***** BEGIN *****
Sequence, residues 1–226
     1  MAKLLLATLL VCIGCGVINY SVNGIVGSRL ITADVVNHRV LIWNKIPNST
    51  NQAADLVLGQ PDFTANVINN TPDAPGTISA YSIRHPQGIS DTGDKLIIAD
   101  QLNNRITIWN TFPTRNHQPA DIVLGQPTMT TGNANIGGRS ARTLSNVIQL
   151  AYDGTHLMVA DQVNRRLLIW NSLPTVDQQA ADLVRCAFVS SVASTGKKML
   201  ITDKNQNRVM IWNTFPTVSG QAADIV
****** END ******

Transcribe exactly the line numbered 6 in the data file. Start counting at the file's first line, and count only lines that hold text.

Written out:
   201  ITDKNQNRVM IWNTFPTVSG QAADIV